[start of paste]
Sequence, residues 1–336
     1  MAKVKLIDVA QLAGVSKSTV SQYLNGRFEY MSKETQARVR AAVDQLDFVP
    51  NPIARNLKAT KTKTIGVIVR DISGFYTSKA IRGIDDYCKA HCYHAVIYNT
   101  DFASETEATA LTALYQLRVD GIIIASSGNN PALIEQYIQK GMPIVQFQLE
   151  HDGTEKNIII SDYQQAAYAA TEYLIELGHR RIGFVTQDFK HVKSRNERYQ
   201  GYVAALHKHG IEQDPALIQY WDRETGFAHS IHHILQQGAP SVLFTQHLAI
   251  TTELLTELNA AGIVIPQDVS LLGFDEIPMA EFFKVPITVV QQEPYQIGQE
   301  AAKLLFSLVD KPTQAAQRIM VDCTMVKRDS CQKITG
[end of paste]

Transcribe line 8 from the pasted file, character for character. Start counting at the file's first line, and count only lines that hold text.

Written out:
   301  AAKLLFSLVD KPTQAAQRIM VDCTMVKRDS CQKITG